One of his most striking perp-walk shots was of Norma Parker, a pretty young woman who in 1936 held up a number of restaurants on lower Broadway using a cap pistol, for which The Daily Mirror nicknamed her the Broadway Gun Girl.
By the end of the war, Weegee was in fact “Weegee the Famous.” Short and pug-ugly, with a boxy Speed Graphic camera always in hand and a cigar permanently in his teeth, he was recognized throughout the city and, increasingly, the country.
His book inspired “The Naked City,” a film in which Weegee makes a fleeting, Hitchcock-like appearance. That prompted a move to Hollywood, where Weegee hobnobbed with stars and got tiny acting parts in a few more films. But he never really fit into what he called “the Land of the Zombies” and moved back to Manhattan in 1951.His crime photography days were over. Until his death in 1968 he experimented with film and trick photography and toured the United States and Europe, giving lectures and enjoying his fame. In his travels he met Peter Sellers on the “Dr. Strangelove” movie set; an excerpt from an audiotaped conversation is on YouTube.
In 1968 the theater and film director Syeus Mottel, who was experimenting with still photography, was walking in Washington Square Park with a girlfriend. “I see Weegee sitting on a bench looking very forlorn, with an old camera, really a piece of junk, hanging from his neck,” Mr. Mottel recently recalled. “When I asked if he had any advice for a young photographer, he said, ‘Yeah, sharp elbows.’ ” While the young woman charmed Weegee, Mr. Mottel took photographs. When it came time for dinner, Weegee suggested Bernstein-on-Essex, a kosher Chinese restaurant.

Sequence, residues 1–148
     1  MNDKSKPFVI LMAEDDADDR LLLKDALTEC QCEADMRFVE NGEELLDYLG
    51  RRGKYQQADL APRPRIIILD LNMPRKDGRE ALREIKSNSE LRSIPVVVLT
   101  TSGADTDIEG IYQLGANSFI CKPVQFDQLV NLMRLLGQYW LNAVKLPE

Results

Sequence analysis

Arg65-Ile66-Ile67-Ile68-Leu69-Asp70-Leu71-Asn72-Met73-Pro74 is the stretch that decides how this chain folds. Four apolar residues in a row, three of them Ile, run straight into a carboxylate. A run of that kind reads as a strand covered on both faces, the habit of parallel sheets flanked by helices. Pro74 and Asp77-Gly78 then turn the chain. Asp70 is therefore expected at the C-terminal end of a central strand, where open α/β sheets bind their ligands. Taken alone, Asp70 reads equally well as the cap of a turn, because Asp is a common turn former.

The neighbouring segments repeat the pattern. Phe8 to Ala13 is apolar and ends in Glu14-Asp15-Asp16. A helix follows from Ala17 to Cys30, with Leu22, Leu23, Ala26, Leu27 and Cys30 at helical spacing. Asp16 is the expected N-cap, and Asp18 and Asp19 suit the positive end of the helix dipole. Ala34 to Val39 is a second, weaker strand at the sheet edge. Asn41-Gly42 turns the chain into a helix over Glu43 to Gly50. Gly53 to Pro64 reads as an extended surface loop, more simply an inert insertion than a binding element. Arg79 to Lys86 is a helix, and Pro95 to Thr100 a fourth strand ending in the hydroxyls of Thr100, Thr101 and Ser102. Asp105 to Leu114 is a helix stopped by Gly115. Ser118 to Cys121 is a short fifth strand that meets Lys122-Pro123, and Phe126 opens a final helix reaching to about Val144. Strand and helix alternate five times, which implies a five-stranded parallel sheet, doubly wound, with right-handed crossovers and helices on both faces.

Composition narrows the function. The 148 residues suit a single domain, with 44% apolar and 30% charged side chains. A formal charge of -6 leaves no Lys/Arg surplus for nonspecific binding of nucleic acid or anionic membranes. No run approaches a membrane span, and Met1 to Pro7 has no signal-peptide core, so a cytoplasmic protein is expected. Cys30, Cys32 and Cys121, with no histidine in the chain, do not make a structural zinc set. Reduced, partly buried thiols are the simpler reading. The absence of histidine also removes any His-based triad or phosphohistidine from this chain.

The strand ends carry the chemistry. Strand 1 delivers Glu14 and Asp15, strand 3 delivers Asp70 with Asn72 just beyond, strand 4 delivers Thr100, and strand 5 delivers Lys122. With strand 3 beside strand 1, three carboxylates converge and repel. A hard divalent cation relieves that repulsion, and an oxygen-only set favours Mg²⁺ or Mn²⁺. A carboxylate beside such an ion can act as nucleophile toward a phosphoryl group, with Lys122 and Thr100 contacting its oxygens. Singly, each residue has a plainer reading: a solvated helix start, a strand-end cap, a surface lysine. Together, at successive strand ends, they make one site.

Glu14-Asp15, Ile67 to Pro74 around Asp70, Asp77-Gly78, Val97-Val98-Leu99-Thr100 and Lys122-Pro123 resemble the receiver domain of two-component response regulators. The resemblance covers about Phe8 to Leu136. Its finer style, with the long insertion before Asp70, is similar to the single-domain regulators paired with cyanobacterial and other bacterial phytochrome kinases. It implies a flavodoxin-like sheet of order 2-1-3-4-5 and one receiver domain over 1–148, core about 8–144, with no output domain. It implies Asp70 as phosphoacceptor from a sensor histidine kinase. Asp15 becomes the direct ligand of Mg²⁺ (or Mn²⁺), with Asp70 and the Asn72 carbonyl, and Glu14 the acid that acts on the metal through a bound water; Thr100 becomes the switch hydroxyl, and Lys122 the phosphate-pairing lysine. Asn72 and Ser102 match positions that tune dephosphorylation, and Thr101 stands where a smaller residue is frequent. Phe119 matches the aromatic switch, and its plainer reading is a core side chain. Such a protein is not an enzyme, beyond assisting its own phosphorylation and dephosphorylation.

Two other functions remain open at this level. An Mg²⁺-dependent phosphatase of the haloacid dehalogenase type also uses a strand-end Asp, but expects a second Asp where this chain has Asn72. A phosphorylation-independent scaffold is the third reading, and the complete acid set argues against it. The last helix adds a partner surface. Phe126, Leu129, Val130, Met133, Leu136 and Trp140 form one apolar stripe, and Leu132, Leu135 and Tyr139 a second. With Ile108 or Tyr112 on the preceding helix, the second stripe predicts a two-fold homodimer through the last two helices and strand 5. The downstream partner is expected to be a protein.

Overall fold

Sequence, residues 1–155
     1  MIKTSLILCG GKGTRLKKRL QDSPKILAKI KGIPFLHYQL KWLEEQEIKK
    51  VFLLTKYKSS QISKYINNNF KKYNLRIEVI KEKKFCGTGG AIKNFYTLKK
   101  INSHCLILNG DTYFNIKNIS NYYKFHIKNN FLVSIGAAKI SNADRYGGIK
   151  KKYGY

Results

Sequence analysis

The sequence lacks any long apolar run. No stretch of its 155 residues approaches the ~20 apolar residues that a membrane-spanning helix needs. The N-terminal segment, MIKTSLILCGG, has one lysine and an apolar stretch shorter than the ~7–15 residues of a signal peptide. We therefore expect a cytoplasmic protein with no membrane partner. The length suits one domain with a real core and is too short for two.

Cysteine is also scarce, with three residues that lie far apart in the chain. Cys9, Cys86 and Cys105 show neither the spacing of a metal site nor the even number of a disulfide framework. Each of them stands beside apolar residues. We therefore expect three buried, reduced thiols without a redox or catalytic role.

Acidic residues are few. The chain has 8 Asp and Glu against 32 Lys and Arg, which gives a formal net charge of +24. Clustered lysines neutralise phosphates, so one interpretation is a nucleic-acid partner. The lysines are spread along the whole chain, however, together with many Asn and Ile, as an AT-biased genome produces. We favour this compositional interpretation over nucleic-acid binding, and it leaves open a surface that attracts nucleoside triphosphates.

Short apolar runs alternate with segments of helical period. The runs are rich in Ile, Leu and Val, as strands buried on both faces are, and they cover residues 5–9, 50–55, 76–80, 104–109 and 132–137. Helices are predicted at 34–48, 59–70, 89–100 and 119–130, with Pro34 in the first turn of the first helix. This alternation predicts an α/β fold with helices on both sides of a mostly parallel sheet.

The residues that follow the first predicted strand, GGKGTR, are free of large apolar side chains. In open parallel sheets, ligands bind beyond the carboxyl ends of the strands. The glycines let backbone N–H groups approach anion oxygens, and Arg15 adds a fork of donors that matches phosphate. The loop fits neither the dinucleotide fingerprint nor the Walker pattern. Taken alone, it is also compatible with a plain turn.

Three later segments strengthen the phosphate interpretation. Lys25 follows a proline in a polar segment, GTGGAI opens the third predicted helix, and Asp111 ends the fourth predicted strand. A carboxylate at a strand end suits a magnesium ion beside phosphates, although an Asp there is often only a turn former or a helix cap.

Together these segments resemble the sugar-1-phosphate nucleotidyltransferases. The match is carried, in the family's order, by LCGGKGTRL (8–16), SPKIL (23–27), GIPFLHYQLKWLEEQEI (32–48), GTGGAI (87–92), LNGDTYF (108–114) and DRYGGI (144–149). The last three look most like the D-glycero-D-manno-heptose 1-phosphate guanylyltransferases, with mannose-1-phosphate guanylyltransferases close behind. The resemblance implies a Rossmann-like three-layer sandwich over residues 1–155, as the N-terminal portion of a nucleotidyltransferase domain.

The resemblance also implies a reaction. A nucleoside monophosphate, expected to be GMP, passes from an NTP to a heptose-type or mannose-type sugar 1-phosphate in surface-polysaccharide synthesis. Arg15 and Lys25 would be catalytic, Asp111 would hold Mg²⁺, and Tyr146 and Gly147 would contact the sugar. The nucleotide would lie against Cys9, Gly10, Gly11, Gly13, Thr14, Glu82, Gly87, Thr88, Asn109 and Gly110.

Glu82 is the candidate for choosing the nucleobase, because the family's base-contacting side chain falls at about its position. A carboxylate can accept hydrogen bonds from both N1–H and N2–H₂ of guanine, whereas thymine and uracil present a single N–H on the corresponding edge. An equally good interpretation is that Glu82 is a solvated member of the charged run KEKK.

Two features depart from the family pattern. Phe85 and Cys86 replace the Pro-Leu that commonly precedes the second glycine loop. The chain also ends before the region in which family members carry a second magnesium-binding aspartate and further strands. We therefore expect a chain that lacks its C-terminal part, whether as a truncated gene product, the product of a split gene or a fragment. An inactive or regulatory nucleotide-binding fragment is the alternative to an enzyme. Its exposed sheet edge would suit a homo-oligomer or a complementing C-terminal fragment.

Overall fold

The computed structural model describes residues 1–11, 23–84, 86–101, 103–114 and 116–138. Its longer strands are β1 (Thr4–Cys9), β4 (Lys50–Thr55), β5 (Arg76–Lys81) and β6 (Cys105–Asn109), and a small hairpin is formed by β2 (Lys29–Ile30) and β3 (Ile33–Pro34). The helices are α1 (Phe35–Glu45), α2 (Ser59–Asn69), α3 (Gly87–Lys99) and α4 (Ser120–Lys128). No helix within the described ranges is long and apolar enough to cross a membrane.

In 1957, suffering from diabetes, Weegee took a small apartment at 451 West 47th Street in Hell’s Kitchen, a town house owned by his friend Wilma Wilcox, an amateur photographer. When he died he left the place crowded with equipment “and stacks and stacks of thousands of photos and negatives strewn about,” Mr. George said. “His philosophy of archiving was to keep everything in a barrel, so if anyone wanted anything, they’d come over and fish.” Much of that material came in the early 1990s to the International Center of Photography, which has mounted several exhibitions.“Along with everything else there was a cardboard box labeled ‘Weegee,’ ” Mr. George said. “It was opened several months after it arrived. Weegee was really in there.” It was his cremated remains. “Apparently some staffers got the heebie-jeebies from having the ashes around,” he said, “so I.C.P. arranged to have them dispersed at sea.”
I need to alert my friend in Hubcap City and my ex-boss Lisa (both Weegee fans) that there is a good article about Weegee in the New York Times today. Of course, being Weegee fans, you two probably already know everything in it. My favorite part is the passing mention of "Norma Parker, the Broadway Gun Girl," who robbed restaurants with a cap pistol. I ought to look up more information about her, or better yet, someone else should do it while I lie down.
Another portrait, this one of Arthur Fellig, the crime photographer of the streets of New York City, was taken under a bare bulb in Fellig’s seedy hotel room. Bill didn’t know it at the time, nor perhaps did Fellig but Fellig was dying of a brain tumor.
Earlier in his career Fellig slept in his clothes, a police radio
nearby. When he heard a radio call about a crime serious enough for his attention, he raced to the scene, often beating the cops. His seeming uncanny ability to pop up out
of nowhere earned him the nick- name of Ouija. Fellig couldn’t spell, but liked it enough that he changed his name to Weegee the Famous, even stamping it on the back of his
prints. Weegee’s room was filled with stuff of all kinds.
There was no place to sit other than on Weegee’s single bed, so Bill stood. The room was packed with prints and photographic paraphernalia. Weegee was in and out of consciousness as Bill attempted to interview him.
Then, during one of Weegee’s more lucid moments, (which looks more than slightly deranged,) Bill caught him on camera under the glaring light of the single bare bulb above the bed. The look in Weegee’s eye says it all.
Of that moment, Bill says, “Weegee was obviously tiring so I left him, a sad sick old man, alone with his life’s work. I knew I would never see him, or his like, again.”
Where was "Fellig’s seedy hotel room?"
Wilma's beautiful brownstone, neither seedy nor a hotel, at 451 West 47th St.